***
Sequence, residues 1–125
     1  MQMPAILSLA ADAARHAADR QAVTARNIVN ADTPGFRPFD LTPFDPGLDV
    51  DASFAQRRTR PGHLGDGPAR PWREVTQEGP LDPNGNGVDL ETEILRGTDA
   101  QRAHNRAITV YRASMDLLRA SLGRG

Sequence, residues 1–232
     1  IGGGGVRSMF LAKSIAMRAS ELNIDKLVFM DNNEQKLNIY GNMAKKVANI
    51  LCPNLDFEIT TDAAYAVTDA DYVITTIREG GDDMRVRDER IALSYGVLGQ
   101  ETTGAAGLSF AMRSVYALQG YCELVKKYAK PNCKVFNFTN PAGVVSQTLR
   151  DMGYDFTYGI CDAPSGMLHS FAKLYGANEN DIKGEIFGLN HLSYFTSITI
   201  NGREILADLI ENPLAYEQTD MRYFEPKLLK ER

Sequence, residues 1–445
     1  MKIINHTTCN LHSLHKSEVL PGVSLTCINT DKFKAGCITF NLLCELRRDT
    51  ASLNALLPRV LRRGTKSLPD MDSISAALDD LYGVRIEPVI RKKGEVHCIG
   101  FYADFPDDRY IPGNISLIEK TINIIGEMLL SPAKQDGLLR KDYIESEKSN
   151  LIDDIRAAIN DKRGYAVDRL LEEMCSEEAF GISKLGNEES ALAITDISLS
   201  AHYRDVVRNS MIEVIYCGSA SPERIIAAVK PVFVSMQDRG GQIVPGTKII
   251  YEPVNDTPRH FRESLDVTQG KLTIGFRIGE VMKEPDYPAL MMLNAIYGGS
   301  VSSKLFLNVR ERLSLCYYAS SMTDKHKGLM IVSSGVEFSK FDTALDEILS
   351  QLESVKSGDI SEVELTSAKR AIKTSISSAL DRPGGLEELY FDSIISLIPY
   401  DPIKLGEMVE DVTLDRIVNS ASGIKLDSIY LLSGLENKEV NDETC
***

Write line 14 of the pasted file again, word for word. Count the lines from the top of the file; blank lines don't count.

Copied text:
   101  FYADFPDDRY IPGNISLIEK TINIIGEMLL SPAKQDGLLR KDYIESEKSN